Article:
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Equitable Access: Bridging the digital divide

With previous blogs in our ongoing post-WRC-23 series covering cis-lunar communications and MSS Agenda items, we now turn our attention towards equitable access. In an era where ubiquitous connectivity forms the cornerstone of modern society, equitable access to radiofrequency spectrum is crucial for ensuring that all communities - regardless of location or economic status - have the opportunity to benefit from the ongoing digital revolution.


The importance of equitable access


The International Telecommunication Union (ITU) has long recognised that equitable access to spectrum is essential for enabling universal connectivity and fostering innovation across diverse regions and communities. By promoting fair and non-discriminatory access to spectrum resources, the ITU aims to create a level playing field – one in which all stakeholders, including developing countries, can participate and benefit from the digital economy.


Given this overriding principle of equity in spectrum management, it is perhaps surprising that at WRC-23 we saw – for the first time – many countries speaking up and contributing to address the topic of equitable access and sovereignty. These contributions may have been triggered by Resolution 219 (PP-22), which directly encouraged Member States to actively participate in studies on the issue of equitable access to, and rational and compatible use of, the GSO and non-GSO orbit and spectrum resources.


Key outcomes


Originating from a key contribution from the African Telecommunications Union, WRC-23 also saw the adoption of Resolution 131 on the “consideration of technical and regulatory measures for fixed-satellite service (FSS) satellite networks/systems in the frequency bands 37.5-42.5 GHz (space-to-Earth), 42.5-43.5 GHz (Earth-to-space), 47.2-50.2 GHz (Earth-to-space) and 50.4-51.4 GHz (Earth-to-space) for equitable access to these frequency bands”.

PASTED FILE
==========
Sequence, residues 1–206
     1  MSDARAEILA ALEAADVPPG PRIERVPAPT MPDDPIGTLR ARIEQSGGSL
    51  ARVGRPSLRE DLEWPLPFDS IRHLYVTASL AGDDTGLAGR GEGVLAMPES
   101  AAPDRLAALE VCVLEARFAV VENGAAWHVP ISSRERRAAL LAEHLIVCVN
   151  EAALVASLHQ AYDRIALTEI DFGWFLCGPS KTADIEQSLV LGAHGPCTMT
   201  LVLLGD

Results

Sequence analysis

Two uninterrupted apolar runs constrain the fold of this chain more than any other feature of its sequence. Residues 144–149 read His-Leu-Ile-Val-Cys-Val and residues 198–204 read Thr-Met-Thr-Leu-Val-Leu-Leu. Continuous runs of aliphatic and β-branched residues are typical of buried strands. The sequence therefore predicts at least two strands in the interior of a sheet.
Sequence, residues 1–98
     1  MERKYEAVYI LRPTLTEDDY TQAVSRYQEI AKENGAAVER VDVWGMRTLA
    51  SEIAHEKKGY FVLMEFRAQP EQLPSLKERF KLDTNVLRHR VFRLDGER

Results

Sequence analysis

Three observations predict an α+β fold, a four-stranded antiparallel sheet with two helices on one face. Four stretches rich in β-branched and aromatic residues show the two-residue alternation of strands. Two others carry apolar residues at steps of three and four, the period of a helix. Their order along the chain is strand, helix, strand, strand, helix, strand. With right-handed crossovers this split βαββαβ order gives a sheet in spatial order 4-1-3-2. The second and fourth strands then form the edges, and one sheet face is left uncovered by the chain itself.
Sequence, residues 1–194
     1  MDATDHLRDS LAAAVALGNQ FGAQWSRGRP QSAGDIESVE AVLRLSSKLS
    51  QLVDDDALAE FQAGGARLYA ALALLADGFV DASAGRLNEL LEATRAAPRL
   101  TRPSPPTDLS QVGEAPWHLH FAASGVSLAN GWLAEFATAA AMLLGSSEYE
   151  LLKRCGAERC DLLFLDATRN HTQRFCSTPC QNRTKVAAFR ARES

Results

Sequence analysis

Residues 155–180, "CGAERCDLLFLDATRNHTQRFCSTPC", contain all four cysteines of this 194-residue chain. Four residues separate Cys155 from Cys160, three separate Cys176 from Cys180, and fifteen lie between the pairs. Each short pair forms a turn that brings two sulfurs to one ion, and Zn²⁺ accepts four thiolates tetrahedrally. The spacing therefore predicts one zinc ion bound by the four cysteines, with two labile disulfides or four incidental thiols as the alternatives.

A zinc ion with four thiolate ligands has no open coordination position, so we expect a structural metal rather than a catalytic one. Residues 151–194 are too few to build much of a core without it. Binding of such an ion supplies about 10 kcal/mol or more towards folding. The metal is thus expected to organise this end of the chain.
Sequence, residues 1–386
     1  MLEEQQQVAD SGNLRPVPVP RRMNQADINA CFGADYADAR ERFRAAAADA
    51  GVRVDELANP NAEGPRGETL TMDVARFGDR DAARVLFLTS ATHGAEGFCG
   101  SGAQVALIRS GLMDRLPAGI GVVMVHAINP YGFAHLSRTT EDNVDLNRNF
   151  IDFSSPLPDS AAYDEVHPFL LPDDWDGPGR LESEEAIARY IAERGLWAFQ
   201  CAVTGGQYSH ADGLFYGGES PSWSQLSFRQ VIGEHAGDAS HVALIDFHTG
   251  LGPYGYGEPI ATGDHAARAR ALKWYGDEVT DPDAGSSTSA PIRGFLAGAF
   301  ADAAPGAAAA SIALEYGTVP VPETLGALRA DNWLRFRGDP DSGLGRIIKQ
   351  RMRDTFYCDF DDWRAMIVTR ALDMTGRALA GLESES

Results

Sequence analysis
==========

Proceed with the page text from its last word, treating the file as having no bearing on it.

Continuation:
The choice of these bands is not without significance.


Out of the frequency ranges at 4/6/10/11/12/13/14/17/20/30/40/50 GHz that include FSS and/or BSS on a primary basis, a substantial portion (4/6/10/11/12/13/14/17 GHz) has been used to develop planned space services with spectrum and orbital resources allotted on a per country basis. This is contained and detailed in Appendices 30, 30A and 30B.


With the 20/30 GHz frequency range currently regulated by the notorious “first come, first served” principle and being heavily filed for, the 40/50 GHz range has become the next battleground for equitable access.


Overcoming future challenges


With lower bands in high demand, as well as the growing need for higher throughput applications and technologies, it comes as no surprise that interest in the Q/V-band continues to grow. This is further reflected through WRC-27 Agenda item 1.1 (for GSO and NGSO ESIMs) and 1.3 (for NGSO gateway earth stations) where the focus also lies on the Q/V-band.


It prompts one to consider whether, despite diligent efforts, the primary obstacle to achieving genuinely equitable access to spectrum globally might not lie in the restricted availability of spectrum itself. This is where working with a skilled organization such as River Advisers, which has extensive expertise in this arena, can help you navigate the regulatory landscape and bolster advocacy for accessing new spectrum.

 

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